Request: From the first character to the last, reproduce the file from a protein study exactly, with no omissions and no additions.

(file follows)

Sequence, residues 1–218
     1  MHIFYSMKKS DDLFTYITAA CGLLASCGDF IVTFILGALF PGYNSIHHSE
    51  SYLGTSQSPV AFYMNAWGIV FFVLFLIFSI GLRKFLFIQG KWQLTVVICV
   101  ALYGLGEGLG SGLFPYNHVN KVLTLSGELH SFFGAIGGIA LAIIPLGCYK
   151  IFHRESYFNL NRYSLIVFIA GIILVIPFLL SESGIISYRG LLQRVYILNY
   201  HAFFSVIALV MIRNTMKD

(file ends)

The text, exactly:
Sequence, residues 1–218
     1  MHIFYSMKKS DDLFTYITAA CGLLASCGDF IVTFILGALF PGYNSIHHSE
    51  SYLGTSQSPV AFYMNAWGIV FFVLFLIFSI GLRKFLFIQG KWQLTVVICV
   101  ALYGLGEGLG SGLFPYNHVN KVLTLSGELH SFFGAIGGIA LAIIPLGCYK
   151  IFHRESYFNL NRYSLIVFIA GIILVIPFLL SESGIISYRG LLQRVYILNY
   201  HAFFSVIALV MIRNTMKD